I used to work at a small CPA firm. Two of our restaurant clients were in the city's top 10 rankings on Trip Advisor. These restaurants were constantly having cash flow problems and the owners were taking home about $50k before tax a year.
Just whatever you do, always have fresh ingredients. Make your own dough, both for pizza and for pasta. Make your own tomato sauce. Buy your products at local farmers markets etc. That sounds good from marketong perspective and you get to know the community for a bit. Keep it small, keep it simple(That also applies to decorations). Last point of >>7278325 dont hire shitty people. Better to pay for a 25 yo who can work, than some idiotic lazy college/hs boy who gets half his wage. Dont get too greedy. Depending on location, dont have more than 200% markup on your food. Dont make your food too cheap, because people will think you sell garbage.
Also, open kitchen is always good. Stay clean af. Dont think you know the restaurant business well enough. Follow courses like hygiene/emergency help/cocktail. Buy everything yourself. Be able to do everything yourself.
If you any sort of aptitude for it, you would have been an assistant manager a long time ago. The fact that you've spent 7 years in the trenches means no one thinks you're management material.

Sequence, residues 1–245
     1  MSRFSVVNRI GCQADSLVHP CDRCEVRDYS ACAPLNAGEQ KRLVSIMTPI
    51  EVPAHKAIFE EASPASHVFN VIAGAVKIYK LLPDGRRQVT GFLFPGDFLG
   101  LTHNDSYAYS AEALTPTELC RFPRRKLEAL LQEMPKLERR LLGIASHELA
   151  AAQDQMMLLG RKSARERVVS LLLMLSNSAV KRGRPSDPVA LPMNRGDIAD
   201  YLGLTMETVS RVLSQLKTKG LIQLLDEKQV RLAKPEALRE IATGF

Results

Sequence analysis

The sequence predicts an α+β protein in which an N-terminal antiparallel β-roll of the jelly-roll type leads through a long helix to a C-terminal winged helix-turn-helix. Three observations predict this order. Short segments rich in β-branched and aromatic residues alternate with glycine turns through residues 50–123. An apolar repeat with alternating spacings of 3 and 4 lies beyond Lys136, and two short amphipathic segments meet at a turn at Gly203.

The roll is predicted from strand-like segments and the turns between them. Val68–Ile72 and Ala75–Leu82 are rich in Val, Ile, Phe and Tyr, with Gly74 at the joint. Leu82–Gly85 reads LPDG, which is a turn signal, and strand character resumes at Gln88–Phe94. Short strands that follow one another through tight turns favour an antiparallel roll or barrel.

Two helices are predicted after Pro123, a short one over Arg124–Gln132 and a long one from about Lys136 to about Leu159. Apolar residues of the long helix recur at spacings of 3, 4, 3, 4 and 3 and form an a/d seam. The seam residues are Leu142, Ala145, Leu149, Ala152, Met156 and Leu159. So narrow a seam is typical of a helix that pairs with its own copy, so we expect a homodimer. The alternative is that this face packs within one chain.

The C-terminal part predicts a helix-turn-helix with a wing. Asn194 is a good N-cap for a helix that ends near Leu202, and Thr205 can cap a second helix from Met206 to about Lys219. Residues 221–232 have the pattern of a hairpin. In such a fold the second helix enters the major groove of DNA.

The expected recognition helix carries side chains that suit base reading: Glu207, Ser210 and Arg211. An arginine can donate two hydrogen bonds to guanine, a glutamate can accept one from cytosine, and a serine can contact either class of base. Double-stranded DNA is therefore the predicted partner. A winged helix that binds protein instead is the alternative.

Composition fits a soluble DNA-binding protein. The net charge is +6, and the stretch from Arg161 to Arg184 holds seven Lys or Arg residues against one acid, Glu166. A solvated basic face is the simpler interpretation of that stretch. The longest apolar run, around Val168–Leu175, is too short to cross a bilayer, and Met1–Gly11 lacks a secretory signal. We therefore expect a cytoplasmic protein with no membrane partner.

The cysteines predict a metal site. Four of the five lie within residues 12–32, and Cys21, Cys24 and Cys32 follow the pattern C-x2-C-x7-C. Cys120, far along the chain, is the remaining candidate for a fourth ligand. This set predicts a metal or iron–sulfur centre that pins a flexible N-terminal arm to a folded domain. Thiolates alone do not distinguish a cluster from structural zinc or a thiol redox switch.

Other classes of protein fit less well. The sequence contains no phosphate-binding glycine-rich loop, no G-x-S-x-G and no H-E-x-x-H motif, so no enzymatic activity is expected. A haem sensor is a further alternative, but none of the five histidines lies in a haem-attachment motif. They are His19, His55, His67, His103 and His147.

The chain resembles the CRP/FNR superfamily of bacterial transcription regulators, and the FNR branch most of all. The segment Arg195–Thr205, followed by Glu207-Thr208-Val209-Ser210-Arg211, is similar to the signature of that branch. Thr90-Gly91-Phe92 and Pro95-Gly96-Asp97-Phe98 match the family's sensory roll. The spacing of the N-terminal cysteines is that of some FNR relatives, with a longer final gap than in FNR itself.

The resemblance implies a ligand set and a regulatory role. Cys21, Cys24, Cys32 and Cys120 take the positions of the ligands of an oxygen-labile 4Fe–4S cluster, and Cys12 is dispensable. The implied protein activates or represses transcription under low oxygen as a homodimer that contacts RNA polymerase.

This. How many episodes of Kitchen Nightmares have people with little to no experience in kitchens buying restaurants because they think it will be "fun" or "easy" and end up losing their house and end up 500K in debt because they have no idea what the fuck their doing. Having a lazy staff is also the kiss of death.
Not to burst your bubble, but working in fast food is not good experience. It's assembly line food that even the biggest fuck up can handle.
You dont need culinary school, but it would be a big help. If anything get a job working in the kind of restaurant you want to own. If the owner likes you enough maybe you can buy in as a partner.
>by 35 and be pulling down about 35k with full benefits and be set.
I don't know why, but this is the thing I'm responding to. Find a trade or small business and get that entry.
Otherwise, I encourage OP to "follow his dreams," but he's probably going to fail and learn a lot. Hopefully you can find a launching platform after that to actually do it right.
If you're going to be hostile when people give you advice you don't like, why did you even bother coming here at all? If you want to go bankrupt fine but don't pretend like people didn't try to warn you.
>if the owner likes you enough maybe you can buy in a partner
That would take fucking forever, don't count on that
Everyone in this thread is right though.
Fast food experience is not that relevant to real restaurant experience and it shouldn't take ten years to become an assistant manager.
One of my cousins is an assistant manager at mcdonalds and had been there for 3 years
if i was you i'd try a lower risk option of a stall at a credible/respected foodie market. build up a reputation for doing awesome food there and then expand to an actual restaurant if/when you're well known enough